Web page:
How do you detect a person's own blood as a doping agent? It's genetically indistinguishable, there's no chemicals, it's just odd blood counts.

  2. I think most of us that followed cycling are not at all surprised by the revelation. All of my friends were pretty sure he was doping - as well as everyone else in the sport. So, at least in my mind, none of this takes away from the memories of watching him push through pain and push his body well past the limits of the riders around him - most of whom were doping as much or more than he was. Even with the EPO, HGH, blood doping, and everything else that was flowing through their veins, these cyclists perform amazing feats. I've done a lot of road riding, but you will never see me accelerating to 30 mph uphill at the end of a 130 mile ride :)

    1. There's a lot of truth to this. I don't even think you can call PED use cheating with respect to cycling. To me, cheating requires that you gain some unfair advantage over the field by breaking the rules. When the rulebreaking is so widespread that you gain not advantage but parity, it becomes something else - still problematic, but not cheating.

      And I don't care what sort of drugs you're taking, you can't win a race like the Tour that many times without a high level or athletic talent and training. It's not like you just inject yourself and win; you still have to do all the work to benefit from the drugs.

      At the end of the day I think we're mostly mad at him for carrying on the charade for so long. Cycling and the IOC both have huge moral beams in their eyes, so I'm a little deaf to their outrage over the PED use. The line between a PED and a medical treatment is very blurry, anyway - the same drug that might be banned in one situation is fine with a doctor's note. They can't say they're worried about the athletes hurting themselves, either - not when coaches encourage playing through injury (and play that causes injury) and not without strict controls on overtraining, which is likely far more problematic.

  3. Both of those comments are very well said. Regardless of the amount of drugs you take, you don't just suddenly become a superstar and it still takes insane amounts of dedication and work, as well as pushing through inhuman amounts of pain. It was amazing to watch Lance do it.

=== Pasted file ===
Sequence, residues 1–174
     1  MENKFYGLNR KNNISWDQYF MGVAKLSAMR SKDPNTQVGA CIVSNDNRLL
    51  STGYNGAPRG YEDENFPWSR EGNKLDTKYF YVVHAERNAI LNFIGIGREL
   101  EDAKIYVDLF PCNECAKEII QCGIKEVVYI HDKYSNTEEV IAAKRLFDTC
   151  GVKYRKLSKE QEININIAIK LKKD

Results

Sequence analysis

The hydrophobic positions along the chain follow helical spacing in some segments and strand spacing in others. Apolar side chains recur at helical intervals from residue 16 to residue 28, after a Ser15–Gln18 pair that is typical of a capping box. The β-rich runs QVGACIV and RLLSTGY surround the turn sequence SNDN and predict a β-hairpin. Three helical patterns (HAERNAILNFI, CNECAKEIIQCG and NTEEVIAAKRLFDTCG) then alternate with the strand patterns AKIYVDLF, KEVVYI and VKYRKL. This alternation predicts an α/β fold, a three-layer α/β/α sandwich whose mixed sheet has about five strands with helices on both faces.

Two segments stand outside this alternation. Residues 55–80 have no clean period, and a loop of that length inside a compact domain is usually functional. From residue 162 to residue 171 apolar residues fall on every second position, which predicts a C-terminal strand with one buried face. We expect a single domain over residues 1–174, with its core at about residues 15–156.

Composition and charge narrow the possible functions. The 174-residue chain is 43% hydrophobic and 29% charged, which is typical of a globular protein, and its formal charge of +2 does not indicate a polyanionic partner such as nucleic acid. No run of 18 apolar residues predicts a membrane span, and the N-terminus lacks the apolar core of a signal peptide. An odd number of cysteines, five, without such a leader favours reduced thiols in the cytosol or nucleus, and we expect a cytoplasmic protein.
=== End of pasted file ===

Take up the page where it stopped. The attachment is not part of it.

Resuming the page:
I read an article in about '99 or 2000, by a guy who was a very good racer, but not pro, taking one of those "ride the tour" trips. He rode L'Alpe D'Huez the day before the race got there. He said he was able to make the climb, but said that butterflies could fly between his spokes and not get hurt. The next day, the peloton was accelerating uphill so hard that their tires were chirping and leaving rubber marks. After, as you say, about 100 miles on "flats".

    If the sport is nothing but medically-enhanced, genetic freaks, Lance was the best medically-enhanced genetic freak there is. It was amazing to watch.

    I suppose why this is an emotional thing is that I feel like I've been played. Which makes me mad at myself, not Lance, for falling for it.

    Years ago (late '70s) when organized sports was starting to face their drug problems I read a survey. They asked aspiring Olympians if there was a drug they could take that would win them their gold medal but kill them in 10 years, if they'd take it. IIRC, about 80% said they'd take it

    I think the NFL playoff thing with Robert Griffin III is a shining example. The buzz in sports is concussions and long term brain damage, not arthritic knees and joints so bad that old football players can barely get out of bed. RGIII went out there with a knee he knew had trouble. If he blew it out, lots of pain and suffering for a long time. If he could play on it, winning and the attendant glory. He thought he was superman and could play on that knee.